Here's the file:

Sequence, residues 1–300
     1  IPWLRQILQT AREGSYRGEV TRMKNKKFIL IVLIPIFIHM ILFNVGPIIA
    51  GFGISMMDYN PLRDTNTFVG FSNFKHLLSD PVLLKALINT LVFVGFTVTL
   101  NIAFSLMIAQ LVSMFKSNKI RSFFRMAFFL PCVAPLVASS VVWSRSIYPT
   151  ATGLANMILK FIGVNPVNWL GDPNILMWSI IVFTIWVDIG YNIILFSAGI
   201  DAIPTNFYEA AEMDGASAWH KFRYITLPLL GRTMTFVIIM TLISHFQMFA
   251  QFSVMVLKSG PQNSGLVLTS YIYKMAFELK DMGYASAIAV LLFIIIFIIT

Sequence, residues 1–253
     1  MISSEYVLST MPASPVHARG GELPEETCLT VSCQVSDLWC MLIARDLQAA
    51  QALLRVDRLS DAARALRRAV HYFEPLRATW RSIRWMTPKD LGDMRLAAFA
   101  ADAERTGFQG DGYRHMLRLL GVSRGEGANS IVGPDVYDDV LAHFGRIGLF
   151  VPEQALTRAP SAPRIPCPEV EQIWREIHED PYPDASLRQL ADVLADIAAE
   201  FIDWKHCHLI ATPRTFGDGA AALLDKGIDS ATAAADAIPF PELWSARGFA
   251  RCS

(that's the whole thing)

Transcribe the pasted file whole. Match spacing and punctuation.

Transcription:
Sequence, residues 1–300
     1  IPWLRQILQT AREGSYRGEV TRMKNKKFIL IVLIPIFIHM ILFNVGPIIA
    51  GFGISMMDYN PLRDTNTFVG FSNFKHLLSD PVLLKALINT LVFVGFTVTL
   101  NIAFSLMIAQ LVSMFKSNKI RSFFRMAFFL PCVAPLVASS VVWSRSIYPT
   151  ATGLANMILK FIGVNPVNWL GDPNILMWSI IVFTIWVDIG YNIILFSAGI
   201  DAIPTNFYEA AEMDGASAWH KFRYITLPLL GRTMTFVIIM TLISHFQMFA
   251  QFSVMVLKSG PQNSGLVLTS YIYKMAFELK DMGYASAIAV LLFIIIFIIT

Sequence, residues 1–253
     1  MISSEYVLST MPASPVHARG GELPEETCLT VSCQVSDLWC MLIARDLQAA
    51  QALLRVDRLS DAARALRRAV HYFEPLRATW RSIRWMTPKD LGDMRLAAFA
   101  ADAERTGFQG DGYRHMLRLL GVSRGEGANS IVGPDVYDDV LAHFGRIGLF
   151  VPEQALTRAP SAPRIPCPEV EQIWREIHED PYPDASLRQL ADVLADIAAE
   201  FIDWKHCHLI ATPRTFGDGA AALLDKGIDS ATAAADAIPF PELWSARGFA
   251  RCS